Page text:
• T3B the length of parp maintenance will depend on the clinical scenario (up front or recurrent) as well as the patient's tolerance to the medications
  • Clinical trials proves a 21 month progression free survival for each of the PARP inhibitors: olaparib, rucaparib
  • The treatment is generally given until either the disease progresses where the patient cannot tolerate side effect. The side effects are different among each of the agents but generally fall into the realms of low blood counts, fatigue, nausea, in general malaise.
  • Some women with gyn #leiomyosarcoma use #trabectedin (#Yondelis) as maintenance therapy. They and women with endometrial stromal #sarcoma may use hormone therapy. (I took an aromatase inhibitor for about 5 years.)
T4: Are maintenance drugs given for other gyn cancers? Cervical, endometrial, etc?
  • No maintenance strategies are currently approved for endometrial cancer but a trial evaluated carboplatin and paclitaxel for six cycles with and without trastuzumab in high-grade serous endometrial cancer with Her2/neu overexpression.The study demonstrated a significant improvement in PFS Time will tell if OS will also improve
  • T4: No maintenance for Endometrial or Cervical—Except in those with mutations that they can use Keytruda—which is “kinda of” a maintenance
  • Yes. Maintenance with bevacizumab is standard for cervical and endometrial cancers as well as ovarian/fallopian tube/primary peritoneal cancers. 
T5: What questions should a patient ask when offered a maintenance therapy? 
  • Am I a good candidate for maintenance therapy? Which maintenance therapy is best for my cancer? How will we know when is the right time to stop treatment?
  • Some I would ask include: what are the side effects of long term use of the treatment? Will I be able to use this again if I recur? How much is the cost? And will my insurance cover it?
  • Cost can be a real burden with maintenance therapies. Important to ask so that risks and benefits can be weighed.
  • Women with gyn #leiomyosarcoma should ask to see the evidence for aromatase inhibitors, not just accept anecdotal information. For example, the fact that I did it is not proof it worked.
  • At #ASCO19 @Atul_Gawande spoke on asking patients about THEIR goals. This is the key with maintenance—what does your patient want? What is their goal?
Some information shared in this chat on Maintenance therapies appeared in @ASCO Educational Book article titled Wanna Get Away? Maintenance Treatments and Chemotherapy Holidays in Gynecologic Cancers https://ascopubs.org/doi/full/10.1200/EDBK_238755

We hope you will join and spread the word about the all-cancer chat #CancerSM on Thursday July 11, 2019  at 8pmET on the Basics of Biomarker Testing with @TimAllenMDJD . 

Be sure to mark your calendar and join us for next month's chat Wednesday, Aug 14th on Finding Balance: “Cancer Life” vs. “Real Life”.  

Dee
#gyncsm Co-founder


RESOURCES 

Wanna Get Away? Maintenance Treatments and Chemotherapy Holidays in Gynecologic Cancers https://ascopubs.org/doi/full/10.1200/EDBK_238755

NCCN updates from annual conference  AJMC re: bev and parps https://www.ajmc.com/conferences/nccn-2019/nccn-ovarian-cancer-guidelines-add-options-for-parp-inhibitors-bevacizumab

Cost of maintenance therapies https://pharmaintelligence.informa.com/resources/product-content/how-ovarian-cancer-maintenance-therapies-stack-up-on-costs-and-value


Sunday, July 7, 2019

July 10, 2019 Maintenance Therapies for Gyn Cancers


Over the past few years the approval of maintenance therapies in gynecologic cancers have increased. The recent ASCO Annual meeting held a full session titled Wanna Get Away - Maintenance Treatments and Chemo Holidays in Gyn Cancers which included maintenance therapies for women diagnosed with gynecologic cancers. Women with High Grade Serous Ovarian Cancer (HGSOC) may choose to use Bevacizumab or PARP inhibitors as maintenance therapies. Women with Low Grade Serous Ovarian Cancer (LGSOC) may be offered hormonal treatment. Research into using maintenance therapies with endometrial and other gyn cancers continues.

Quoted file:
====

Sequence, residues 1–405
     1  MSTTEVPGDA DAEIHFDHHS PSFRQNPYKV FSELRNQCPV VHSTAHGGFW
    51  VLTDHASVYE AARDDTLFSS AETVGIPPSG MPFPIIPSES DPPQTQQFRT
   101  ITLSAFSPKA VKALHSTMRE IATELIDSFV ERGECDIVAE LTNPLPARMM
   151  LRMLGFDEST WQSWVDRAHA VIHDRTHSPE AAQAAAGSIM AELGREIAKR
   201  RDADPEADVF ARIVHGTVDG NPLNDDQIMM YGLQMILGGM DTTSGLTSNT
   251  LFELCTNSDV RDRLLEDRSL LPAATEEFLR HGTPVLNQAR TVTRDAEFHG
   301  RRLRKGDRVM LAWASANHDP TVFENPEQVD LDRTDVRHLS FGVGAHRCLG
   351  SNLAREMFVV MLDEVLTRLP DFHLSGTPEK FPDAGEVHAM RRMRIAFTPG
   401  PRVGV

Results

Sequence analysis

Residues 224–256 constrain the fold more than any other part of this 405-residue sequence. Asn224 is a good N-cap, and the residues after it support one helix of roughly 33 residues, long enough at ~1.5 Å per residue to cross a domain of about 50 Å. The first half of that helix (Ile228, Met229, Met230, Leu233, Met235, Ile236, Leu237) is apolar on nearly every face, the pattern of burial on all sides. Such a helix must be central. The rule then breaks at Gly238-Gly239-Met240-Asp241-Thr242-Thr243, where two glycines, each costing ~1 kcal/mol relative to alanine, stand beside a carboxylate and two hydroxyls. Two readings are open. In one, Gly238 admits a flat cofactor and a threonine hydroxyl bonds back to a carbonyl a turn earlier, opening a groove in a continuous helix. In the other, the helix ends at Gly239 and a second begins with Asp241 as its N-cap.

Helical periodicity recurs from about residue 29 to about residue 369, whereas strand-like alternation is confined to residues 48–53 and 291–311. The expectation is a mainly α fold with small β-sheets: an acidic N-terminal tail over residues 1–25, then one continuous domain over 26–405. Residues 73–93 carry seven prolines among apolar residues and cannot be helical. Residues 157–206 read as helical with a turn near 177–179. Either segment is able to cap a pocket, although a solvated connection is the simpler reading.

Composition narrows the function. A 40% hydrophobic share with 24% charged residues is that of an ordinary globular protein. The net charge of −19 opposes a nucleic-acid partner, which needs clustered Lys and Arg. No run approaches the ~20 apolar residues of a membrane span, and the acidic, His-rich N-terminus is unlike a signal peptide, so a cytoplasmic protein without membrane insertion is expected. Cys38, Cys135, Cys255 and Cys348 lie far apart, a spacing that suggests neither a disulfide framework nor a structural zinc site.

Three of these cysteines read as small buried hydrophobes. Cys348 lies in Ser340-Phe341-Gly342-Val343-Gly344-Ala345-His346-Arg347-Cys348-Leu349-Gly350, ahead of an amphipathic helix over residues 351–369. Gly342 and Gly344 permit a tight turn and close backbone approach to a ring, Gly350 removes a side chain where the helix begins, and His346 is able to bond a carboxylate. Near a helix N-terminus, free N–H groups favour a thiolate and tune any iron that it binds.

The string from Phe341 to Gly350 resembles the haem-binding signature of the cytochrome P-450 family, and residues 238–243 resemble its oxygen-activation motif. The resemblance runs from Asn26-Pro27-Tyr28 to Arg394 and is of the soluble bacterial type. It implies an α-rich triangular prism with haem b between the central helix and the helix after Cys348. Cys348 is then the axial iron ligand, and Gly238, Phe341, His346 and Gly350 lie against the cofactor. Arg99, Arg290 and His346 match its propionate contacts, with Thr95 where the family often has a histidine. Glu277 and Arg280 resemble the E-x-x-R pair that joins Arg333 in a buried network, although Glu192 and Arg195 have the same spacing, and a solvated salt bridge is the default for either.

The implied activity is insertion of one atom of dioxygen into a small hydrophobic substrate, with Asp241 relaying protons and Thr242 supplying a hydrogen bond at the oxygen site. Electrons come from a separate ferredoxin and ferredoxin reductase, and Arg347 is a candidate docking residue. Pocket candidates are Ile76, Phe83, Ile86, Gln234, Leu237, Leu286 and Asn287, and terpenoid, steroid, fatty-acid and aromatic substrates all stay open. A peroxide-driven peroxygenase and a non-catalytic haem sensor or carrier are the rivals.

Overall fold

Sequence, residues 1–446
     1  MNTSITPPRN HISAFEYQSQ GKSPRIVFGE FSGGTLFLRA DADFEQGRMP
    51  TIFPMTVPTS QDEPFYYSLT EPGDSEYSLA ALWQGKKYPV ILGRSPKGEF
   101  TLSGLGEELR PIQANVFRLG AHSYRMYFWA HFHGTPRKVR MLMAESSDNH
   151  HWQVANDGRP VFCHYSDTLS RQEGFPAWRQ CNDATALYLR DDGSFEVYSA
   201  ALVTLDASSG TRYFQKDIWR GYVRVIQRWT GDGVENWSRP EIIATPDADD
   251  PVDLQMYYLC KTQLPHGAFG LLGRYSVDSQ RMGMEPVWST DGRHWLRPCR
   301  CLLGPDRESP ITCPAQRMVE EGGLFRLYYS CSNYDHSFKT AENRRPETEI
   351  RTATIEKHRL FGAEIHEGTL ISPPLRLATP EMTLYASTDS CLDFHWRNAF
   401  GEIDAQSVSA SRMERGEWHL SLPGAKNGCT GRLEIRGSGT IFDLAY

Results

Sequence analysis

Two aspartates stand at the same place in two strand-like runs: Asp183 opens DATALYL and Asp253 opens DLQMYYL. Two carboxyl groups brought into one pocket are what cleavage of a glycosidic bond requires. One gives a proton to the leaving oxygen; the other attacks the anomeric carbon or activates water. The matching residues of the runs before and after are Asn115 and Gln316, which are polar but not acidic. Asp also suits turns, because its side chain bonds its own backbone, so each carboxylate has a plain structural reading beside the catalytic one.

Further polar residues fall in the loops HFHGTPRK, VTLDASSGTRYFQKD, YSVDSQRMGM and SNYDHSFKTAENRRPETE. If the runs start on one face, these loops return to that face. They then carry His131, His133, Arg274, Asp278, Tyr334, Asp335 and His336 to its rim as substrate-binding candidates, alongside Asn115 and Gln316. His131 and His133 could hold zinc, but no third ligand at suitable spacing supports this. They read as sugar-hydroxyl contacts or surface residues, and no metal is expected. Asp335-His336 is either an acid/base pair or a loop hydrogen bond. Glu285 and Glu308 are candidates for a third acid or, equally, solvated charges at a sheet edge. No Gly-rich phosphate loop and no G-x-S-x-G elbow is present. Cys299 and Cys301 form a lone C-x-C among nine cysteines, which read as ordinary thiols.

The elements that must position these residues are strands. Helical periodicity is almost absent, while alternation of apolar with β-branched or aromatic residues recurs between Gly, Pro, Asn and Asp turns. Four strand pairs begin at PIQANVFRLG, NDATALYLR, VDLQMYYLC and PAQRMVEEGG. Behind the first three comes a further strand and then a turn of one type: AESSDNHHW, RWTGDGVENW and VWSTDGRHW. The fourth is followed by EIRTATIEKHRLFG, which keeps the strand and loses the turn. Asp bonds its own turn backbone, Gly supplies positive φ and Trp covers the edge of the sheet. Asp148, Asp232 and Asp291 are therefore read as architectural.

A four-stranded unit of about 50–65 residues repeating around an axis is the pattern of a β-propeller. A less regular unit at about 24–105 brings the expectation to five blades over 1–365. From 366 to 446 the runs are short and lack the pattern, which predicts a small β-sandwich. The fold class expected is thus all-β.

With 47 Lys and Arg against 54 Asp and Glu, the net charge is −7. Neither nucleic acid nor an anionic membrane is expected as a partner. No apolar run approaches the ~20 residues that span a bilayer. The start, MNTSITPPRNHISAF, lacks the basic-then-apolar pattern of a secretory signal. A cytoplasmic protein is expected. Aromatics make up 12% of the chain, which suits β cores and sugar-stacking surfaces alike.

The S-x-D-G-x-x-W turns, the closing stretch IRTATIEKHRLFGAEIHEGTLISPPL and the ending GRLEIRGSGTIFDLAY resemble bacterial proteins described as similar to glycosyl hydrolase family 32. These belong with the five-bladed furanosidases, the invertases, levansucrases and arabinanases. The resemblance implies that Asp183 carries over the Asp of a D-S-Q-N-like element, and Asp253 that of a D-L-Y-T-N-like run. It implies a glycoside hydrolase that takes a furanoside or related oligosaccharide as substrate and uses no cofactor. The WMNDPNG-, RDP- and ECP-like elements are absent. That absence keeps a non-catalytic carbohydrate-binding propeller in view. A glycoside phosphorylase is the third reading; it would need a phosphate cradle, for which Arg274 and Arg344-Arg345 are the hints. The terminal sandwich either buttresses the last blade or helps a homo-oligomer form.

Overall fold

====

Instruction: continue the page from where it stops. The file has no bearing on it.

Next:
On Wednesday, July 10, 2019 at 9pm ET (8pmCT, 6pmPT) join the #gyncsm community as we discuss the use of maintenance therapies for gyn cancers. Learn what treatments are available for your gyn cancer and what questions you should ask when considering maintenance therapy.

Chat topic Questions:
T1: What are maintenance therapies and why are they used?
T2A:  What evidence was there to approve Avastin (Bevacizumab) for maintenance?
T2B: How long is Bev given? What side effects may women experience with maintenance Bev? Is Bev limited to women with a BRCA mutation?
T3A: PARP inhibitors were approved for recurrent ovarian cancer and now for maintenance therapy for women with the BRCA mutation. What study results led to the FDA approval? 
T3B How long is PARP given during maintenance? What side effects may women experience? 
T4: Are maintenance drugs given for other gyn cancers? Cervical, endometrial, etc? 
T5: What questions should a patient ask when offered a maintenance therapy? 
See you on Wednesday!

Dee
#gyncsm Co-founder

Saturday, June 8, 2019

No #gyncsm Chat on June 12, 2019



See you in July when we chat about Maintenance Therapies for Gyn Cancers. 

Dee
#gyncsm Co-founder

Wednesday, May 8, 2019

Supplements / Vitamins Are they helpful? May 8, 2019 Chat


We were pleased to have Stacy Kennedy MPH,RD (@stacykennedyrd) join us for this informative chat on vitamins and supplements.  You may find a complete transcript here and analytics here.
Definitions: 
Vitamins - a nutrient that the body needs in small amounts to function and stay healthy. 
Supplement - a substance taken to remedy the deficiencies in a person's diet. 

Here are a few sample responses to our questions:

T1: Can vitamins be helpful to a woman diagnosed with a cancer at each point in her cancer experience - before, during and after treatment? Are there vitamin studies related to gynecologic cancers specifically?